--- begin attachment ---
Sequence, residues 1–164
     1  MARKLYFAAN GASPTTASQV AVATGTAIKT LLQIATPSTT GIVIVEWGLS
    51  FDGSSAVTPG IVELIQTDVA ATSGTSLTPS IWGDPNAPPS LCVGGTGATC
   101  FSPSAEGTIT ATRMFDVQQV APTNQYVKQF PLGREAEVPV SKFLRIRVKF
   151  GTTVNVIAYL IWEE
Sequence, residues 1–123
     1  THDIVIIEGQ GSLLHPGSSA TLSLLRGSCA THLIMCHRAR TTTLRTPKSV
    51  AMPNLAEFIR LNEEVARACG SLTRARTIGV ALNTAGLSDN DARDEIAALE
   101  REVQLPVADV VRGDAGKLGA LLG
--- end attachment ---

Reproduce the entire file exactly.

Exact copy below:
Sequence, residues 1–164
     1  MARKLYFAAN GASPTTASQV AVATGTAIKT LLQIATPSTT GIVIVEWGLS
    51  FDGSSAVTPG IVELIQTDVA ATSGTSLTPS IWGDPNAPPS LCVGGTGATC
   101  FSPSAEGTIT ATRMFDVQQV APTNQYVKQF PLGREAEVPV SKFLRIRVKF
   151  GTTVNVIAYL IWEE
Sequence, residues 1–123
     1  THDIVIIEGQ GSLLHPGSSA TLSLLRGSCA THLIMCHRAR TTTLRTPKSV
    51  AMPNLAEFIR LNEEVARACG SLTRARTIGV ALNTAGLSDN DARDEIAALE
   101  REVQLPVADV VRGDAGKLGA LLG